That makes a world of sense. Often, it is that the organization itself is culturally stuck and because it’s inflexible, then, as you said, it requires everybody to adapt to it. It’s the way we’ve done it around here as opposed to what you’re saying, which is much more creative.

By the way, none of this can happen without the right leadership at the very top of the house. If you have a CEO who embraces this and supports it, and I do, then it makes things a lot easier. It’s a team effort. Everything that we do is a team effort. Also, we’re a Fortune 500, but what I love about our culture is that we are agile and we do move fast. We’re not bureaucratic. It’s a very liberating experience to work at this company. That’s a big part of our story. That starts at the very top of the house.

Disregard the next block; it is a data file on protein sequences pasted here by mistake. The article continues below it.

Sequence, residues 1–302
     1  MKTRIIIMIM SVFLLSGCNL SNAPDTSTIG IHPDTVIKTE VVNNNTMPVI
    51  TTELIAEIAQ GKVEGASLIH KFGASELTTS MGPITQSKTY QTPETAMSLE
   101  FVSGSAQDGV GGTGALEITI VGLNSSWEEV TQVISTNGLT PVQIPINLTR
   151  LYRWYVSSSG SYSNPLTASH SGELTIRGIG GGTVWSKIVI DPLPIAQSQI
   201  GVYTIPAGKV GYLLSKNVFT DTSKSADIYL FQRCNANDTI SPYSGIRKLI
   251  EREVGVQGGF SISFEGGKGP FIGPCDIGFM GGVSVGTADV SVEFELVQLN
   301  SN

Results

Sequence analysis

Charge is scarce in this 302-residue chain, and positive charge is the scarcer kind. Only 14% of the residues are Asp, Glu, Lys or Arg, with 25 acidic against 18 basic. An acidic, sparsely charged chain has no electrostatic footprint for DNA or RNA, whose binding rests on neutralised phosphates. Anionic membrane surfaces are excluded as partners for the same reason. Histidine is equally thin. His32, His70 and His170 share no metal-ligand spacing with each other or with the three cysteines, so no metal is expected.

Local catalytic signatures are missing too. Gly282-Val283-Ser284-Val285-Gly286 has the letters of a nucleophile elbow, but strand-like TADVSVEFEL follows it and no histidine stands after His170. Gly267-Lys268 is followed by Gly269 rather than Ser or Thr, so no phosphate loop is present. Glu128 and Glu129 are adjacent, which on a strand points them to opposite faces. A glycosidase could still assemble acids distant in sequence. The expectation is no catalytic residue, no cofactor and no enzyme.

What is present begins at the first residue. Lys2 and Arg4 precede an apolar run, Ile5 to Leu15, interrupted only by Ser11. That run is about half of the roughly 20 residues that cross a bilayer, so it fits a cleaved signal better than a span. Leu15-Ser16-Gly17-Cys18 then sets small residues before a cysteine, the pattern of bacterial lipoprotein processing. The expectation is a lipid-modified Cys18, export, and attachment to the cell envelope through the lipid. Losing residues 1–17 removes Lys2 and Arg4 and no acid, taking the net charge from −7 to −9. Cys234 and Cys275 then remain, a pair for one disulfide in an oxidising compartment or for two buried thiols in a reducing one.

At the top of the house is somebody that you’ve known for years. There’s a little bit of backstory there, which you and I were chatting about before we even hit record. It’s not so much a story, a chronological history or whatever. I think it’s important to come to a place. There’s an understanding and even a wisdom, an insight that I think it would be good to share with folks.

I’m happy to do that because I think also even folks at my company are unclear about how long we’ve known each other and what the circumstances were. It’s very simple. We were both working for a Johnson & Johnson operating company because J&J is like 300 operating companies or they used to. We were working down in Miami and Ivan Tornos, who’s our CEO, he was I think a VP of product marketing. If I don’t get this right, it’s not good. I can’t remember. It was a long time ago. In our neurological business, I was a newly promoted director of HR and I was his HR business partner, not just his, but for that particular organization. We worked together for only two years. I think it was from 2002 to 2004.